Activities: Nairobi hosts some of the greatest animal orphanages in the country (see below Giraffe Center and David Sheldrick Elephant Orphanage recommendations). You will no doubt have quite the adventure seeing these animals in their relatively natural habitats, as these orphanages are far different than zoos in the United States.
If you’ve traveled all the way to Kenya, you absolutely must go on a safari. Just determine which national park appeals to you most in terms of budget and timing. There are several national park lands that people travel to via Nairobi for safaris, such as Masai Mara, Amboseli, Samburu, and Tsavo (East or West). We chose to go to Masai Mara based on personal preference. We booked our safari in the Mara through JT Safaris. The company is super communicative via email up until you are picked up at your hotel in Nairobi to either be driven or flown to the Mara by your guide. They have various options in terms of safaris, as well as various options for transportation to and from the Mara. Once you link up with your tour guide, check if he can find you the “Big Five” during any of your game drives: African leopard (extremely hard to find), Rhino (hard to find), African Lion (easy to find), African Elephant (easy to find), and Cape buffalo (very easy to find).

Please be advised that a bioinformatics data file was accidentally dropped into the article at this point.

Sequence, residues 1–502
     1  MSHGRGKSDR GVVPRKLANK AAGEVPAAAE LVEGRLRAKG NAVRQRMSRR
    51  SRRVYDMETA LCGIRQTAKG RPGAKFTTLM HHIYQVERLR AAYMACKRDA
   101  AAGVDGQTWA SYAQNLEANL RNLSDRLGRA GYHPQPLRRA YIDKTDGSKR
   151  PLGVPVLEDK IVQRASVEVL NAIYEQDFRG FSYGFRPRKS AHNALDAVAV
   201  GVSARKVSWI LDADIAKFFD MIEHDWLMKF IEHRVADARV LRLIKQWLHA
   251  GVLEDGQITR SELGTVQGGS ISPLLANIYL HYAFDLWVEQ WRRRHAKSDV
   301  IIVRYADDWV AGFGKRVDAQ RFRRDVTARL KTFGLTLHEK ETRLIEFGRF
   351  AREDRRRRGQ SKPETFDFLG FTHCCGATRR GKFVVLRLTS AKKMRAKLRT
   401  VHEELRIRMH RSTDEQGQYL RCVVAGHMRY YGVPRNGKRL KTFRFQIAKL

You’re bound to see Cape buffalo, zebra, giraffe, antelope, warthog, and kudu during your game drives in the Mara, but ask your tour guide to also find you some of these other harder-to-spot animals that aren’t considered part of the “Big Five”: cheetah, hyena, crocodile, hippo, and serval cat (these look similar to a small leopard, and we were tricked into thinking a Serval cat we spotted was a baby leopard). The tour guides take great pride in finding you these animals, so it’s as exciting for them to search the land for them as for you to experience this one-of-a-kind adventure and see animals in their natural environment.
We did not get a chance to visit, but I heard multiple times along the trip that Lake Nakuru was exciting to visit. The lake is mostly known for its hippo and crocodile sightings, but you can also see other game.
Nairobi Must Sees: The Giraffe Center is not to be missed!